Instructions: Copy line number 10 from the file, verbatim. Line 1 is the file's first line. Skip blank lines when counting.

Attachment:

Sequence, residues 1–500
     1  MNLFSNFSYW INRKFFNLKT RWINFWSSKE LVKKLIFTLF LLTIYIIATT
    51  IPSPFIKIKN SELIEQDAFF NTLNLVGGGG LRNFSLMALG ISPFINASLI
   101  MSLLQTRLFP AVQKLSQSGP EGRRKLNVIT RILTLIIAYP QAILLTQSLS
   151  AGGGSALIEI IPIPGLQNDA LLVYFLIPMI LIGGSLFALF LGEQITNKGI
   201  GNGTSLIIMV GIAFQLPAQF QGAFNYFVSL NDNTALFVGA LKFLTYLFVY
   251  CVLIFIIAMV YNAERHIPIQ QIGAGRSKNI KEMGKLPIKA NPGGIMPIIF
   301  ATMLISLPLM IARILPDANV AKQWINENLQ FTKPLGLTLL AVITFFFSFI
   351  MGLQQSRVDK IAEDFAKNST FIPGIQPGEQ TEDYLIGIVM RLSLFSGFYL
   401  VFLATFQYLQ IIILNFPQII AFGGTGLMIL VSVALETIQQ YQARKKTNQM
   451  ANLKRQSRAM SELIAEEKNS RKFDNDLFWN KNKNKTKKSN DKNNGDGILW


   401  VFLATFQYLQ IIILNFPQII AFGGTGLMIL VSVALETIQQ YQARKKTNQM